Larry Bird turns 64 years old on Monday. To help celebrate, here’s a story about the night he busted Shawn Kemp’s ass. It’s a reminder that while not all legends are created equal, most good stories can be told in three parts.
Part 1: Warm-ups
For a little background, six-time NBA All Star Shawn Kemp recently made an appearance on the popular “Knuckleheads” podcast. The show, hosted by Darius Miles and Quentin Richardson, features interviews with current and former stars, but no matter the guest, the first question is the same: “When you first made the league, who was the first player to bust your ass?”
“I’m gonna be real with y’all,” Kemp told the guys last week, a smile on his face. “My ass got busted real early in Boston.”
Kemp proceeded to recall a story from his rookie season. Long story short, the Sonics were at the Garden to play the Celtics, when Xavier McDaniel was scratched with a late injury. Kemp was thrown into the starting lineup, and Bird scorched the Earth on him.
“He gave me 50 (points) in three quarters,” Kemp said. “And he talked to me the entire game.”
As a basketball fan, there was only one reasonable reaction to this previously unearthed nugget of Larry Bird folklore: “Where can I watch this game?”
Thanks to YouTube, the answer is right here:
The video picks up a few seconds into the broadcast, with a convenient shot of Bird on the sidelines. At 34, he looks the part, mostly rigid, in his first season after double heel surgery. As Sports Channel’s Mike Gorman welcomes everyone to the game, we catch a wide shot of layup lines. Bold yellow letters light up the screen: SEATTLE SUPERSONICS vs BOSTON CELTICS. It’s time to kick it to Mike and Tommy, but first, out of nowhere, in the lower right half of the screen, one of the Sonics players tears off a casual 360 windmill dunk.
That’s Shawn Kemp, the youngest player in the league, only 17 games into his 14-year career.
Part 2: Tip-off
This is where I’m sad to report the game doesn’t quite live up to the hype. At least in terms of the Kemp/Bird battle. For one, Kemp didn’t actually start. Xavier McDaniel was still in the lineup, although he maybe wished he wasn’t as Larry hit his first three shots of the night. When Kemp finally checked in late in the first quarter, he wasn’t matched up with Bird, but with backup center Joe Kleine. In fact, for the first 47 minutes of basketball, Kemp and the real Larry Bird mostly kept their distance, even if it was still fun to watch them do it.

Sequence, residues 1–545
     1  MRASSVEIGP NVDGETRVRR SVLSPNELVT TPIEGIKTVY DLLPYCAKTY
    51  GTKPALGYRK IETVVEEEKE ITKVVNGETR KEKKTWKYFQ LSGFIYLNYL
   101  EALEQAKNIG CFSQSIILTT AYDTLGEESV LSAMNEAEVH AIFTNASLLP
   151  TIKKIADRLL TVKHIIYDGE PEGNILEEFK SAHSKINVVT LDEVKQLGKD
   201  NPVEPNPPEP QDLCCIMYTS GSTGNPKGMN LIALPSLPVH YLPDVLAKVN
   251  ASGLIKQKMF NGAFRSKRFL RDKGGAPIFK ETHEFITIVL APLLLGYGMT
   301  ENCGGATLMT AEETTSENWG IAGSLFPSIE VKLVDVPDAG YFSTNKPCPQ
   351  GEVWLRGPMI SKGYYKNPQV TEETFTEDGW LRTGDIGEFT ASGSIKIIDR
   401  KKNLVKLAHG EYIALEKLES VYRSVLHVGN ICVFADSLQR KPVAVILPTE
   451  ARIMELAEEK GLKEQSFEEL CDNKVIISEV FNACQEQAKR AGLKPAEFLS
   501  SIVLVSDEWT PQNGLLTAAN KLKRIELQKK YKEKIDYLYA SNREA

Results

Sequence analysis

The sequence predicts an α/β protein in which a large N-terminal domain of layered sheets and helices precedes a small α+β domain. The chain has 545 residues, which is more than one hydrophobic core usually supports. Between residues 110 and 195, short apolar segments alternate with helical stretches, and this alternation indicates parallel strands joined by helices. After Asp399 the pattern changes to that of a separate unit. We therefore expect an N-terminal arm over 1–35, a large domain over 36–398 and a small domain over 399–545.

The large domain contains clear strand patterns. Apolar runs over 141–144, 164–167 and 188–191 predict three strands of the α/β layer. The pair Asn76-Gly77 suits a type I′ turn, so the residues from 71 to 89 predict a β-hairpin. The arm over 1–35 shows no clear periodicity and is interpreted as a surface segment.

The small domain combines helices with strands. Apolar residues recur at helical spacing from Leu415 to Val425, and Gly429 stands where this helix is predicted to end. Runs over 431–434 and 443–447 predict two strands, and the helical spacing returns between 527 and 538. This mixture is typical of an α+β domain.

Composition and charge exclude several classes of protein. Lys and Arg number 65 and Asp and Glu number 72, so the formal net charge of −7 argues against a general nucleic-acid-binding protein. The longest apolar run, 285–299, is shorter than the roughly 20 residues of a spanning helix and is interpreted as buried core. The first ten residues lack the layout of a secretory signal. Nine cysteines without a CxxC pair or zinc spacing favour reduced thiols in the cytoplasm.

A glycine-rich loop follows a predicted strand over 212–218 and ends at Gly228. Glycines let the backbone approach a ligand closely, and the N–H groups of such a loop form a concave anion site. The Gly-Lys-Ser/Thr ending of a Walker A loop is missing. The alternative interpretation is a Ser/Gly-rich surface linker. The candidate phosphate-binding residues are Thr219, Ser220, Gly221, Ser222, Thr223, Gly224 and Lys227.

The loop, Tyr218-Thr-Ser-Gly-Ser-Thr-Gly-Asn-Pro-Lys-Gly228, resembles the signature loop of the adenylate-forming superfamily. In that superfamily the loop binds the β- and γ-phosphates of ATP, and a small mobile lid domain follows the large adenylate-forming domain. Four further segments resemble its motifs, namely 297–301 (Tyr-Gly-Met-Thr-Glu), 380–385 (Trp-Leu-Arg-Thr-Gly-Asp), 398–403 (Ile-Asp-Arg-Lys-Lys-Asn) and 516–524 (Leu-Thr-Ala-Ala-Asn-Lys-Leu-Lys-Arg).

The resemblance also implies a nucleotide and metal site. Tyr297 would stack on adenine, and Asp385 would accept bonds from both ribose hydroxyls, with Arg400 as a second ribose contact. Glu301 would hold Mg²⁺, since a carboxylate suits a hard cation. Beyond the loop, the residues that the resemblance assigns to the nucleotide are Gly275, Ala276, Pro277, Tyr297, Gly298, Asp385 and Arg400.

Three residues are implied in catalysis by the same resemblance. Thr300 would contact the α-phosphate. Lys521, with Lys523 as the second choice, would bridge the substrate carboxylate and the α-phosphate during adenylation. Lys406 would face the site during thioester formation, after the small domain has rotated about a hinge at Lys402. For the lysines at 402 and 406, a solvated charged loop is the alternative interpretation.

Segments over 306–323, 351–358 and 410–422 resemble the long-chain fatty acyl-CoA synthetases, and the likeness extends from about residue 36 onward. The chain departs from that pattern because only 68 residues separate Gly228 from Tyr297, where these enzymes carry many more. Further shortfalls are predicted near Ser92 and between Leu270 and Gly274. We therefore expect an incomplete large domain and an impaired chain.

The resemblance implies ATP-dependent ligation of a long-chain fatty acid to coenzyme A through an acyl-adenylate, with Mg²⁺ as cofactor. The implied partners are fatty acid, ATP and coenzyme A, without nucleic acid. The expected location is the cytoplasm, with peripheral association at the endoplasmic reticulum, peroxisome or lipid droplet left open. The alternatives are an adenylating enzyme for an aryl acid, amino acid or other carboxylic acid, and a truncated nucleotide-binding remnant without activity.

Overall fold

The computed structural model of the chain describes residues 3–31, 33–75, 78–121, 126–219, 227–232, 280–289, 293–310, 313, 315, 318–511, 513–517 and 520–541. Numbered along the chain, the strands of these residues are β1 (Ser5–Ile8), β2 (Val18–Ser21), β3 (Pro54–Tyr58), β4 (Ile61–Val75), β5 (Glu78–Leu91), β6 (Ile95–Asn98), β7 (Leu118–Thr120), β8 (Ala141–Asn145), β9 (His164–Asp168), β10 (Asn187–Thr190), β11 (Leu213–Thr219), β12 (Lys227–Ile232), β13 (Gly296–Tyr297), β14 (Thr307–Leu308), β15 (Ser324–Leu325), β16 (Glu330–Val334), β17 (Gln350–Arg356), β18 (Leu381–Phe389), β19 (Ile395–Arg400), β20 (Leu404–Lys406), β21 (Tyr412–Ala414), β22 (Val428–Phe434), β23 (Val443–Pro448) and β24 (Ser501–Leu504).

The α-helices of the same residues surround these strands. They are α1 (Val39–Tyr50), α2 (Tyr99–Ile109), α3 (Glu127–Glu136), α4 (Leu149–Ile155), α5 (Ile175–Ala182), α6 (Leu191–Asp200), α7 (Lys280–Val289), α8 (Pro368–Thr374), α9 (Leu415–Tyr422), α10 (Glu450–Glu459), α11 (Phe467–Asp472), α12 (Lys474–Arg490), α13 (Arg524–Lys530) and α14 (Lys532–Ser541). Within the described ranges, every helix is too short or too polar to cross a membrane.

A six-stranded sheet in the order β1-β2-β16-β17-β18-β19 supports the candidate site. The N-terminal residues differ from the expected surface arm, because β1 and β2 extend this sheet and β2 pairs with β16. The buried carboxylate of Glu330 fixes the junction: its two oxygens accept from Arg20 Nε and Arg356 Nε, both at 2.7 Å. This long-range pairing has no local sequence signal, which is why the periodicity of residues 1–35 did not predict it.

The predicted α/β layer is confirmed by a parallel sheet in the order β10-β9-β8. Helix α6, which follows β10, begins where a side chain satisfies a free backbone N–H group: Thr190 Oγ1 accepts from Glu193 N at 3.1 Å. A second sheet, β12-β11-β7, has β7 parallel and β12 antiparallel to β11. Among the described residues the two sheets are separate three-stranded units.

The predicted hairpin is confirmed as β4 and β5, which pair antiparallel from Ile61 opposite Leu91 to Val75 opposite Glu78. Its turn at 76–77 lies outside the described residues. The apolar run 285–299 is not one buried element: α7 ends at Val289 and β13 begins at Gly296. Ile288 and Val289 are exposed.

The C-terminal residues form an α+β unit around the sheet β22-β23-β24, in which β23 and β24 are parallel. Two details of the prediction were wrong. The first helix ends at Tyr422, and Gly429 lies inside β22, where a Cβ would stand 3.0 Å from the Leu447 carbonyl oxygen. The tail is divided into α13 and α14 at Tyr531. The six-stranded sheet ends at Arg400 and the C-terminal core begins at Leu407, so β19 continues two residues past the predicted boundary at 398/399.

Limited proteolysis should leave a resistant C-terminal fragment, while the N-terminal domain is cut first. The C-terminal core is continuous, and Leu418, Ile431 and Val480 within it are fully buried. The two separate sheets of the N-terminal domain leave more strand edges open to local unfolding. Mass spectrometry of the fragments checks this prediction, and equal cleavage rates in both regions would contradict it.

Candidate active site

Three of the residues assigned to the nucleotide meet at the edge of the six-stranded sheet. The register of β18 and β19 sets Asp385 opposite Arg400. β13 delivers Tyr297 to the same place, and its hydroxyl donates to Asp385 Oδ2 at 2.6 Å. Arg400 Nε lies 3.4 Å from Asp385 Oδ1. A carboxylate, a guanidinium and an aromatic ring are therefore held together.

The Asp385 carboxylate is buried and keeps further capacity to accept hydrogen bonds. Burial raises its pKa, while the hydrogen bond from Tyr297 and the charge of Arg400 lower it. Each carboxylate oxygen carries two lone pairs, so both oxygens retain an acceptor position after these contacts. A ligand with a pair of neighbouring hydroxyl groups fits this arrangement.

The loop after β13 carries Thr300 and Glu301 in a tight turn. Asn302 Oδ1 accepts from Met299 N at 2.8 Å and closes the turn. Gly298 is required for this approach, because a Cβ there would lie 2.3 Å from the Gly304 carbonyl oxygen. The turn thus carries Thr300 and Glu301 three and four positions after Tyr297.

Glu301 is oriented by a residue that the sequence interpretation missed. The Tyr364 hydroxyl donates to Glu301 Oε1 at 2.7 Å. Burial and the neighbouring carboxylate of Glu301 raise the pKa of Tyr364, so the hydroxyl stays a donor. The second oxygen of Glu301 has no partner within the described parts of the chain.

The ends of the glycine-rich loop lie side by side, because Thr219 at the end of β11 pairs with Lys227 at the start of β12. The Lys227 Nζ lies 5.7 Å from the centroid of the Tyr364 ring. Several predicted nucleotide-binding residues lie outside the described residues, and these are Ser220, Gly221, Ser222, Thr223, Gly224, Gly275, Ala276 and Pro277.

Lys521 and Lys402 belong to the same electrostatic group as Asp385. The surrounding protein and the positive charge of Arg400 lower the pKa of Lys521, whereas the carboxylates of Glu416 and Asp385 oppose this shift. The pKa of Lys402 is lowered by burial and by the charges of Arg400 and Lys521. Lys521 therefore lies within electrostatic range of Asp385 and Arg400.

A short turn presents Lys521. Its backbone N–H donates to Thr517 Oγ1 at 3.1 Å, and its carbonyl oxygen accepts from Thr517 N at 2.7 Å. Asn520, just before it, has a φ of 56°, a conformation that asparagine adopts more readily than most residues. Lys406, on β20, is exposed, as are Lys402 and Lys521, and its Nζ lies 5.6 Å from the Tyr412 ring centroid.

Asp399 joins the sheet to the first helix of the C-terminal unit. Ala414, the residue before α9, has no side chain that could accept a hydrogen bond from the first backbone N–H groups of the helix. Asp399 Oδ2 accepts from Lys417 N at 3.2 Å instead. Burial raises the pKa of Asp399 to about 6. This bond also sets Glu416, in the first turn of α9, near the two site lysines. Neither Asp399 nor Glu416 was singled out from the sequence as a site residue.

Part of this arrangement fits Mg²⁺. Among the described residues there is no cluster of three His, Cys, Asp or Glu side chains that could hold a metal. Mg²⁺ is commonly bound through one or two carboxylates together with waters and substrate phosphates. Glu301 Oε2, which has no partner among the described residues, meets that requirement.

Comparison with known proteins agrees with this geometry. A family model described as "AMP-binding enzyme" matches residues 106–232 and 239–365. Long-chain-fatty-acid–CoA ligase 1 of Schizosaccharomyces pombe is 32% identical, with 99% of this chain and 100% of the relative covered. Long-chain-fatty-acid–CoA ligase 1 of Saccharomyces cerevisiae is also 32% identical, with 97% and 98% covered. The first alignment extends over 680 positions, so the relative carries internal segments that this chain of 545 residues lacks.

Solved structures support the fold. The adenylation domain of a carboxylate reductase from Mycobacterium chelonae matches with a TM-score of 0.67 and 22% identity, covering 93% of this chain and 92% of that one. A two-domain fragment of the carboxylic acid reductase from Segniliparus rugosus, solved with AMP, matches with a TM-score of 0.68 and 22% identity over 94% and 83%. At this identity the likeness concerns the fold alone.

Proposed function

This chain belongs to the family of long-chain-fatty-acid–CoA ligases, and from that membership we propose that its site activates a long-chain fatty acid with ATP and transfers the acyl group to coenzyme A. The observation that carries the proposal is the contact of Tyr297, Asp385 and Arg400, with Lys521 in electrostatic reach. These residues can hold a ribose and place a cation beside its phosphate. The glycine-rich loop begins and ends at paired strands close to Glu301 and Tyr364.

Halfway through the second quarter, Gorman catches his first glimpse of greatness when Kemp grabs the ball on a break, and stutter-steps Kevin Gamble for an and-one.
“Kemp can fill the lane, huh?” “6’10, 240.” Gorman remarks, as Kemp drains the foul shot. “Buried that free throw like he knew what he was doing.”
Tommy joins the fan club early in the fourth, when Kemp explodes to the hoop on a baseline drive.
“Woah,” says Heinsohn, processing. “Woah! That was a move.”
“Shawn was going to the hoop, huh?” Gorman jokes.
“Uh uh,” Heinsohn says, basically foaming at the mouth.
Meanwhile, Bird was unstoppable, scoring 32 of Boston’s first 65 points. He’s everywhere, doing everything. With 10 minutes left, he even catches Kemp with a baseline jumper — “34 points and counting for Larry!”— but it was hardly in his face. A minute later, Kemp is back on the bench, presumably for good.
That is, until a window of truth broke through this confusing reality.
With a minute left, McDaniel actually got hurt. An errant elbow from teammate Olden Polynice knocked him out of the game. Just like that, Kemp gets the emergency nod. Just like that, for the first time all night, he’s actually guarding Bird. And just like that, as legend will now have it, Larry Bird took Shawn Kemp to school.